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Gabrielle Settles
By Gabrielle Settles February 7, 2022

Explaining Oregon's 'permanent' mask mandate in context

If Your Time is short

  • The state’s health department, Oregon Health Authority, has proposed a permanent mask mandate.

  • Though controversial, the move was intended to address a technical glitch: temporary mask mandates last only 180 days and the current one is expected to expire Feb. 8.

  • A spokesperson with the agency and the state’s epidemiologist said the agency intends to repeal the mandate when public health indicators show the measure is no longer necessary.

A Republican candidate for Oregon’s governor warned that her incumbent competitor is taking mask mandates to an extreme.

"Governor Kate Brown wants to make Oregon’s mask mandate PERMANENT," read a Jan. 5 post from Christin Drazan, a former state representative challenging Brown, who has held the seat since 2015.

The link in Drazan’s post invites people to sign a petition to help stop Gov. Kate Brown from making "Oregon’s mask mandate permanent." The petition was shared over 1,000 times.

The claim appears to stem from a proposal by the Oregon Health Authority to create a permanent mask mandate for public indoor spaces. While the claim conjures images of people wearing masks indefinitely, the state has said its plan would allow for the rule to be overturned when the measure is no longer necessary.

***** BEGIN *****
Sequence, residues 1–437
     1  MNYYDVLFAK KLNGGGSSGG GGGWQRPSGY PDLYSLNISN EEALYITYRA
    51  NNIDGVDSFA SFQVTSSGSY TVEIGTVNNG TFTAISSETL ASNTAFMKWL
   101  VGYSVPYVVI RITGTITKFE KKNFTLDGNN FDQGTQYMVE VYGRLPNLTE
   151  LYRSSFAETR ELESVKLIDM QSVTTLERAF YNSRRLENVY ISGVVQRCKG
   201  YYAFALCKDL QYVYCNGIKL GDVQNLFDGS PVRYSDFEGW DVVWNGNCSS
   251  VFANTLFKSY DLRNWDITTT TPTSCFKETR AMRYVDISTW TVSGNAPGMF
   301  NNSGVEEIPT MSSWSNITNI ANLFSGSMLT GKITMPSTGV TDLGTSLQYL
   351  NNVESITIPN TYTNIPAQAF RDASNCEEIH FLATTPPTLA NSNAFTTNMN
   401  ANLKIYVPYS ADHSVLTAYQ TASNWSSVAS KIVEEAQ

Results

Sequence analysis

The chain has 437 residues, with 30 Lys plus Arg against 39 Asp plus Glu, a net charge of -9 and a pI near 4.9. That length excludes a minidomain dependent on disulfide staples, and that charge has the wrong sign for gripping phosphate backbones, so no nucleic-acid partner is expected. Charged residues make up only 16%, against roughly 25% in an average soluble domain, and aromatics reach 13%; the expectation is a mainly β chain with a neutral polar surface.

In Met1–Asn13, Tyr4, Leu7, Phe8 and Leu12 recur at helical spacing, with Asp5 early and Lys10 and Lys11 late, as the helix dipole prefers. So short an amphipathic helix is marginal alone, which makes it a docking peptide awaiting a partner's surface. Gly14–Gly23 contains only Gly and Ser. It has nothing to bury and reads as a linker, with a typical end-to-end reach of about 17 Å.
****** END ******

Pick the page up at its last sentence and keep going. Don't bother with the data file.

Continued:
Jonathan Modie, lead communicator for the OHA, told PolitiFact that "permanent" doesn’t mean that the mandate will last forever — the agency will peel it back when it’s deemed safe to do so. 

As the Associated Press reported, "The proposed permanent rule emerged to address a technical glitch in state law that requires the current temporary to expire in early February — after the predicted peak of the omicron wave."

As it is, the agency’s mask mandates have been temporary, lasting only 180 days. Oregon’s current mandate, for example, began in November 2021 and will last until Feb. 8, at which point the agency must take action to extend it, if needed.

"OHA could rescind the rule as conditions with the pandemic improve," Modie said.

State epidemiologist Dean Sidelinger said during a Jan. 21 press conference that the state would revoke the masking rule when COVID-19 no longer threatens to overwhelm Oregon’s hospitals and therapeutic drugs are more widely available.

"We need to look at the number of COVID-19-positive folks in the hospital who are receiving care and the impact on the ability of the hospitals to provide care," Sidelinger said later in a Jan. 28 press release. "What we know right now is that those numbers are still increasing but are anticipated to peak soon — within the next week to week and a half — and then are anticipated to come down rather quickly."

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Still, the plan generated plenty of backlash from people who were concerned that the agency would not repeal it. 

Oregon has adopted some of the strictest COVID-19 rules compared to other states. Like much of the rest of the country, the state in recent months has seen a rise in cases from the omicron variant. A chart on the OHA dashboard shows the sharp increase: By Jan. 16, omicron made up 100% of the monitored cases.